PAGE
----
KANSAS CITY, Mo. (AP) — In the hours after a four-sack performance gave Justin Houston the Chiefs’ franchise record, all he could talk about was how close Kansas City came to making the playoffs.
Houston insisted his new single-season mark would hit him some day. He might be on a new team by the time it happens.
The Pro Bowl linebacker became a free agent when the season ended, putting the Chiefs in a difficult situation. Their attempts at striking a long-term deal last offseason when nowhere, and Houston’s 22-sack season has given him even more leverage in negotiations.
“It’s the part of the business side that I don’t want to talk about,” Chiefs general manager John Dorsey said Monday. “I can say it’s ongoing business, ongoing conversation.”
If the Chiefs slap Houston with the franchise tag in March, they would have until July 15 to agree on a multiyear contract, so there is plenty of time to work out a multiyear contract. But if no deal is reached, the Chiefs would have to pay Houston a one-year deal averaging the top five salaries at his position.
That temporary solution comes with its own problems.
For one thing, the Chiefs would still be left negotiating with Houston’s representatives on a long-term deal. But the more immediate issue is exactly how Houston is classified. He has always been listed as a linebacker, but he often lines up as a defensive end. And for the purposes of the franchise tag, defensive ends tend to get paid more than linebackers.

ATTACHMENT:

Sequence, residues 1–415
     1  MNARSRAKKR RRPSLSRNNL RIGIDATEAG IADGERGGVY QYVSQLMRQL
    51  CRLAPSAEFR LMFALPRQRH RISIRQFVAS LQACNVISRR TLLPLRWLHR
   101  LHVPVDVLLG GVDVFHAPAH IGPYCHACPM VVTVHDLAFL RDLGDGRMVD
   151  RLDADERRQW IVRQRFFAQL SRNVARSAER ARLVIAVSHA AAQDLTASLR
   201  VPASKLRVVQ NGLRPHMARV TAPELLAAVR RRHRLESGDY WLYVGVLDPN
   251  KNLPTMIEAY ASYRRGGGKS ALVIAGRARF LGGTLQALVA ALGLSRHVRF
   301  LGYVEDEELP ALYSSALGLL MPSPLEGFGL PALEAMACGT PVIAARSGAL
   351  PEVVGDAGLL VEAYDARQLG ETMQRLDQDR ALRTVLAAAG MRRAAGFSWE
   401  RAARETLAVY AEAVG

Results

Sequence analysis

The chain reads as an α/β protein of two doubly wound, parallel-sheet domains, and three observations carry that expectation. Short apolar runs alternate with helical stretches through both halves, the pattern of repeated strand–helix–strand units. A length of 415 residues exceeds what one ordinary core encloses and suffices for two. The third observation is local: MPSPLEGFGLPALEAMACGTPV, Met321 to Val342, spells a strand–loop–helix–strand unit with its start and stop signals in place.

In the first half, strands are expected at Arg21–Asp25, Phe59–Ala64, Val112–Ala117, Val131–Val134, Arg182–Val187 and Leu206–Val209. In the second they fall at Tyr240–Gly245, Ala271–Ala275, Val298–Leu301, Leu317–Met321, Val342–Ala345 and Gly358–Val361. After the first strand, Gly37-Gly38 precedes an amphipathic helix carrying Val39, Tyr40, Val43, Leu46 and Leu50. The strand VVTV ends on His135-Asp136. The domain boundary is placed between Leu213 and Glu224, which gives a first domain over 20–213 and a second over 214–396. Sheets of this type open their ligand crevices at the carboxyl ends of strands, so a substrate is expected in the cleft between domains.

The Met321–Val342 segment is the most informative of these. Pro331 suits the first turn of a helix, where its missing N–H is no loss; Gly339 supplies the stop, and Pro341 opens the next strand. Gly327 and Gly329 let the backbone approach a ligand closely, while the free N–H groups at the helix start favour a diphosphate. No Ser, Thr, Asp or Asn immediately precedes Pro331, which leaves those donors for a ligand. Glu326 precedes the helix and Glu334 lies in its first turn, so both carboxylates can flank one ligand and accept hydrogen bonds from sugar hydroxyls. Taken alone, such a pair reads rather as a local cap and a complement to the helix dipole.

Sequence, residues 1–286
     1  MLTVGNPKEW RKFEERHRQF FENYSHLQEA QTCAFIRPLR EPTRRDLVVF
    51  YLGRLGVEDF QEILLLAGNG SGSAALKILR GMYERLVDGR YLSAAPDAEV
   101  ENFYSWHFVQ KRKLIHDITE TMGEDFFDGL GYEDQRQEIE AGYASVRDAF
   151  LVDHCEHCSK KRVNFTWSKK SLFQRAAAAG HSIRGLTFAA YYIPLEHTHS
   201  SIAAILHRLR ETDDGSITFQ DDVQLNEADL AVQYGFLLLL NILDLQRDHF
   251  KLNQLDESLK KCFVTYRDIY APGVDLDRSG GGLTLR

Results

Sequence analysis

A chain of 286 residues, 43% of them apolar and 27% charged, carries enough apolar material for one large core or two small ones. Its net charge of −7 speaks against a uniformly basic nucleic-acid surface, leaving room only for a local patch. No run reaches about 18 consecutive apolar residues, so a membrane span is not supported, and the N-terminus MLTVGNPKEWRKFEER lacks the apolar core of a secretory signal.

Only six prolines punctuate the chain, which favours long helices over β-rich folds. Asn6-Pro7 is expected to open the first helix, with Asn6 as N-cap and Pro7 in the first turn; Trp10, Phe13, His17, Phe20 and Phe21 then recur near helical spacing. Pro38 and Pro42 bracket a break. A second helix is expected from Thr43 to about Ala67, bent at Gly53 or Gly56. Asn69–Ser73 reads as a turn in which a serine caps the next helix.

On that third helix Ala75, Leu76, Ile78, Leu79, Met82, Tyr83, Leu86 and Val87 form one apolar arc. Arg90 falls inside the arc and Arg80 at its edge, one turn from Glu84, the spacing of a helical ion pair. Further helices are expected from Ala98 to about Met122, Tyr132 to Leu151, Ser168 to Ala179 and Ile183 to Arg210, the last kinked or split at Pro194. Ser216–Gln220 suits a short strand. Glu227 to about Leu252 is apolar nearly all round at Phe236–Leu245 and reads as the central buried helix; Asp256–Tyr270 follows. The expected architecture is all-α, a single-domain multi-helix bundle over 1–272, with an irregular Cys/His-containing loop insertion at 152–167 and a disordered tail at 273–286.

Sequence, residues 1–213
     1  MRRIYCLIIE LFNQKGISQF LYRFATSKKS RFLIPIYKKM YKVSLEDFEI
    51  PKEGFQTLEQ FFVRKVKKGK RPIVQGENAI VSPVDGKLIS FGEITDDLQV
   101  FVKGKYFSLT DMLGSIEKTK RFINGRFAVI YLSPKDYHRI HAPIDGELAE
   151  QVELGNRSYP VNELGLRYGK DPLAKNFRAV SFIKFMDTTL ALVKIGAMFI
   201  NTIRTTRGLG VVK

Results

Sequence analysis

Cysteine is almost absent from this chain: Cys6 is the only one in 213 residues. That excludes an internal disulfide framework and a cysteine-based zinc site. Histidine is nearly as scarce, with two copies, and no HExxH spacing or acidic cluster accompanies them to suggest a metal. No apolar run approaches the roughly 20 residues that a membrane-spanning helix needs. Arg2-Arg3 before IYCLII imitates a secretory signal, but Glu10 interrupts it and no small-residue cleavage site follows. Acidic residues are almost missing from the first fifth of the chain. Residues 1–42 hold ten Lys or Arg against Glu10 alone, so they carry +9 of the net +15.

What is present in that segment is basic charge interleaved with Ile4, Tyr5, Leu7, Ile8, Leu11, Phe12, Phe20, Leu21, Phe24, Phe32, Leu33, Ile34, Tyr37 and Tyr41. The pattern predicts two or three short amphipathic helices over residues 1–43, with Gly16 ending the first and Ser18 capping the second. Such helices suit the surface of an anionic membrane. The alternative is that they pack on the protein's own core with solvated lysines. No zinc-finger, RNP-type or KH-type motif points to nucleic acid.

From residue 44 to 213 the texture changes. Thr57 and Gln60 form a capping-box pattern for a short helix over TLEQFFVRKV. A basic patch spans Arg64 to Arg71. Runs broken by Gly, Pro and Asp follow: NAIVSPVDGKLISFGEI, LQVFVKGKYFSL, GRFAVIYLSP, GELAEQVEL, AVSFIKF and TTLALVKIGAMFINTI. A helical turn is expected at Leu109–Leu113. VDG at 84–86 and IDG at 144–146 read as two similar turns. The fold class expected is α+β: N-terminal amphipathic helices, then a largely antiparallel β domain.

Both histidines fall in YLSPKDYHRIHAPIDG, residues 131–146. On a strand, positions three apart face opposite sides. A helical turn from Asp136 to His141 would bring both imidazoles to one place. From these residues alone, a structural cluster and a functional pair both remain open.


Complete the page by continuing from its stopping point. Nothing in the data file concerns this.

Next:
Not surprisingly, the notoriously media-shy Houston refused to discuss his pending free agency after Sunday’s 19-7 victory over San Diego. He merely said, “I haven’t even thought about that.”
“I’m still heartbroken about not going to the playoffs,” Houston said. “That’s what I base my goals on. The individual records, it’ll mean something when I’m done playing.”
The records are piling up in a hurry.
Houston finished just a half-sack behind Michael Strahan’s record for a single season set in 2001. The only other players with 22 sacks in a season were Mark Gastineau with the Jets in 1984 and Jared Allen, who once played in Kansas City, with the Vikings in 2011.
His sack total edged Texans start J.J. Watt for the league lead, which means Houston will be the second recipient of the Deacon Jones Award. The Colts’ Robert Mathis won it last year.
“It’s something special to watch,” Chiefs defensive back Ron Parker said. “Watching how they game-plan for him and Tamba (Hali) all year ‘round, it’s just crazy how they try to double-team him and chip him, and they still get off every weekend.”
Chiefs defensive tackle Kevin Vickerson even alluded to the Hall of Fame when describing Houston, even though he’s only played four seasons in the league.
“I told him, ‘That’s greatness,’” Vickerson said. “He talks about it all the time, how he wants to put his name on that board. He wants to put on one of those yellow jackets at the end of his career. He has the right mindset. I couldn’t be happier for him.”
Houston already has 48 1/2 sacks in his career, three shy of passing Mike Bell for fifth in franchise history. His two-season total of 33 is a half-sack behind the best two-year stretch of Thomas’ Hall of Fame career, and his 13 multi-sack games rank fourth in franchise history.
Now, the big question is whether he’ll be able to climb any of those charts.